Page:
Crystal balls

Why do we deride crystal ball gazing, palm reading, and even (some of us), astrology, and yet base our investment decisions on the predictions of financial analysts? How accurate are forecasts? Why should we believe that one specific area of futurology is a science? And how much forecasting is really being done?

 Quoted companies are under an obligation not to knowingly allow a false market to develop in their shares. In practise this means that they issue frequent statements about current trading and outlook, and sometimes even issue a specific statement if they need to correct an over optimistic or pessimistic consensual view of their trading performance.

This means that if you are a financial analyst making a bad guess, you will have your work corrected in time to stop you looking foolish.  Here are a couple of examples out of many:

Which illustrious broker said of Barratt Developments in May last year when the share price was 177p “hold, price target 302p” and in May this year “sell, target 75p” when the price was 105p, and in September “hold, target 172p when the price was 172p?

Or which major international financial institution said of Land Securities in June 2007 whent he share price was 1557p “Buy, target 2250p”, and in November of the same  year when the share price was 1400p “Buy, target 1735p”?  The same institution that said in July 2009 when the price was 500p “Hold, target 500p” and last month when the price was 530p “Neutral, target 645p.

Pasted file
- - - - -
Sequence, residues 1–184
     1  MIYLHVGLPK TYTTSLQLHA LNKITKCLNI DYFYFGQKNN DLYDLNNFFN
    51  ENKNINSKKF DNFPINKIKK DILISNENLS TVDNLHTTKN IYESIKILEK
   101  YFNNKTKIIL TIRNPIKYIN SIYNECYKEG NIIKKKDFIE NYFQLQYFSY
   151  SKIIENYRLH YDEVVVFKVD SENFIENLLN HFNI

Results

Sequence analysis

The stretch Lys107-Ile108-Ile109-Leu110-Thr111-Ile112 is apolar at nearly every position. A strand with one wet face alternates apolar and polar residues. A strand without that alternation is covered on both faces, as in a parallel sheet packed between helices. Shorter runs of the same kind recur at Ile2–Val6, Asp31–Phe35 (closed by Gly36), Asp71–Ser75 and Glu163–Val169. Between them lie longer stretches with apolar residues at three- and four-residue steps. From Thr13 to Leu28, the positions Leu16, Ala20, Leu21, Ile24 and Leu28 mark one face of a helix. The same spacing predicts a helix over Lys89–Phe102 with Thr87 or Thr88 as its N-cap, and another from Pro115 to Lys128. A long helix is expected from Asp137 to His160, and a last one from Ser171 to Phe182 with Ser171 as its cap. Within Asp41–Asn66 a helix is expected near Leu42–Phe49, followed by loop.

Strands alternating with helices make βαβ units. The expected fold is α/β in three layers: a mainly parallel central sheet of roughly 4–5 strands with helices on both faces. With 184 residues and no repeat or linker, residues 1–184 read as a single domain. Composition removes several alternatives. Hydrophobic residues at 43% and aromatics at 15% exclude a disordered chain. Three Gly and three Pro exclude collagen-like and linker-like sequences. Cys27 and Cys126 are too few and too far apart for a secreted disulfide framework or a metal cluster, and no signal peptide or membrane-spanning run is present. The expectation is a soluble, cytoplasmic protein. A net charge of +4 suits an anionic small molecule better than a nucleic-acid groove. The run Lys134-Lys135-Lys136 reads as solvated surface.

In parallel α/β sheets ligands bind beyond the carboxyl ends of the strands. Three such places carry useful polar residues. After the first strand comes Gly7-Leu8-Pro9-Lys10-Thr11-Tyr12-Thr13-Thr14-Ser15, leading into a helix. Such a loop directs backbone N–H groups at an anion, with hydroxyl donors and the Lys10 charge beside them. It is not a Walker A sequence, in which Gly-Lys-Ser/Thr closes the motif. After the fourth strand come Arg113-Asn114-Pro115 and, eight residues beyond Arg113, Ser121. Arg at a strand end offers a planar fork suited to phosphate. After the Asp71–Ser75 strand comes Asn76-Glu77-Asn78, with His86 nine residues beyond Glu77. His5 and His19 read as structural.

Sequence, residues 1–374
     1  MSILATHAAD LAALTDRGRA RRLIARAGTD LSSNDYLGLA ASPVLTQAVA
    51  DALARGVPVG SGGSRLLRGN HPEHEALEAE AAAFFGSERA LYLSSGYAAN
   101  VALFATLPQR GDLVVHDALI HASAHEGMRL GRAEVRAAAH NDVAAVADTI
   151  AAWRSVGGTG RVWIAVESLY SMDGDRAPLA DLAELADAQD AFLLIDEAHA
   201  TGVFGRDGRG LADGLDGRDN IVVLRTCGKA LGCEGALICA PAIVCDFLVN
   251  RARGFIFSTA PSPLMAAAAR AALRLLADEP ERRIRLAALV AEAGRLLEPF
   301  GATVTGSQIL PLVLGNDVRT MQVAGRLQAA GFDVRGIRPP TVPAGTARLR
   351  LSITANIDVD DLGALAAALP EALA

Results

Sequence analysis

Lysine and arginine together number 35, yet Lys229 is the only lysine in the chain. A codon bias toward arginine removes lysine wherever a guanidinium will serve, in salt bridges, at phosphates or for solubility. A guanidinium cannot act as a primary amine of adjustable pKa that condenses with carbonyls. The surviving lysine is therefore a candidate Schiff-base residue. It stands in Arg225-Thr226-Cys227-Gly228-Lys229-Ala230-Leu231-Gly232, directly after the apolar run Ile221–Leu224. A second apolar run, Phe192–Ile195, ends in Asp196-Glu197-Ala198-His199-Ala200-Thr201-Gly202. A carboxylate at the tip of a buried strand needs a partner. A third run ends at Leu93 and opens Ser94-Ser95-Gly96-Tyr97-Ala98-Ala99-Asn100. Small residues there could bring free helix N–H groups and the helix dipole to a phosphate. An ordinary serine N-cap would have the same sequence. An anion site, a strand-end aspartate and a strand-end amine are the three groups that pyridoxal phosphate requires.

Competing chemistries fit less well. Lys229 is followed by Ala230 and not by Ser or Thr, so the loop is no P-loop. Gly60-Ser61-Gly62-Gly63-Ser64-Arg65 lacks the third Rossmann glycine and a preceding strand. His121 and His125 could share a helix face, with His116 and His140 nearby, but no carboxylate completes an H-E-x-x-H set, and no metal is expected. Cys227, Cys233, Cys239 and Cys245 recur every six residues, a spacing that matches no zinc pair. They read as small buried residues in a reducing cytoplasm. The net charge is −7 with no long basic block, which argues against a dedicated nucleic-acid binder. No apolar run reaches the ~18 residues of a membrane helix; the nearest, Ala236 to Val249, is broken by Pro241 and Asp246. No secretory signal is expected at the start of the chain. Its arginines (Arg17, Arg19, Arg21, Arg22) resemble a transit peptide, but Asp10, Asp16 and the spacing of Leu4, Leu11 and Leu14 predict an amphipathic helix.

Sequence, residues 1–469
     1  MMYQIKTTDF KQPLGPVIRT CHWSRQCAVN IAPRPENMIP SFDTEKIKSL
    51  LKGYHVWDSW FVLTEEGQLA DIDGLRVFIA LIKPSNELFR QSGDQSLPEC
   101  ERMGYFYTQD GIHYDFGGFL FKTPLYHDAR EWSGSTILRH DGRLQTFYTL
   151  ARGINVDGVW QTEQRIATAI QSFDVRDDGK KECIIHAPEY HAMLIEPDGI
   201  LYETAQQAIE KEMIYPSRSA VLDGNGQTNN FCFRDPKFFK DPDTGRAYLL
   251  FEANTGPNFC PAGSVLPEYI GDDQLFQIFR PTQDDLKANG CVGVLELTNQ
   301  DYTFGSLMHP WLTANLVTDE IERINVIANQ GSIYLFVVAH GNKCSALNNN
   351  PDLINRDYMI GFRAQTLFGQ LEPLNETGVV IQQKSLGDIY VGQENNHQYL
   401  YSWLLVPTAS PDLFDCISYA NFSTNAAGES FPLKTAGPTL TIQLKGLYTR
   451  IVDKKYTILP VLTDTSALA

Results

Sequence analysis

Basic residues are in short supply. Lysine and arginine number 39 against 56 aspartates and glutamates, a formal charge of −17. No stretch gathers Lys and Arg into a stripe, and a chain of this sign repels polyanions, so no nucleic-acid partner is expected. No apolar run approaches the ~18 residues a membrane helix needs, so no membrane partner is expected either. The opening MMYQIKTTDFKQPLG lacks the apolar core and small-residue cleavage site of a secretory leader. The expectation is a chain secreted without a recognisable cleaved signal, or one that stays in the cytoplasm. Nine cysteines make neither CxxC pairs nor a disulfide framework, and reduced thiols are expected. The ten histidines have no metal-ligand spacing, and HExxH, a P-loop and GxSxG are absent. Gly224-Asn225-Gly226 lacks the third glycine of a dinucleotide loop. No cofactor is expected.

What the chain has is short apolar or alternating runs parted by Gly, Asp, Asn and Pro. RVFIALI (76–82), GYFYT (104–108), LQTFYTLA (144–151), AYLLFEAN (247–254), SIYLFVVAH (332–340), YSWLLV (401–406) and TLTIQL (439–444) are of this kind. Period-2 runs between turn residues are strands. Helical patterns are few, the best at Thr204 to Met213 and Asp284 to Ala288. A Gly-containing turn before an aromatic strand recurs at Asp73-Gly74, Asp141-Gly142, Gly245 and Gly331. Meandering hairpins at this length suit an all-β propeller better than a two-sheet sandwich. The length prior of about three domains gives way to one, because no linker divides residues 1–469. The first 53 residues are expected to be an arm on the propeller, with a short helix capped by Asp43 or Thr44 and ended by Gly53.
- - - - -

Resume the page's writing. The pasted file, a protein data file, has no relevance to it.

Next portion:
Land Securities share price closed at 725p yesterday- 13th November !

If analysts can continuously adjust their estimates of earnings to reflect changed actual conditions as they become apparent, what forecasting is being done? What is the difference between continuously updated forecasting and a continuously changing share price?

Ordinary mortals can’t place bets on a race once it has begun. The analysis game is different. Analysts can keep switching their bets to the horse most likely to win, right up until the last few furlongs, and then claim credit for prescience.

 Clever stuff?

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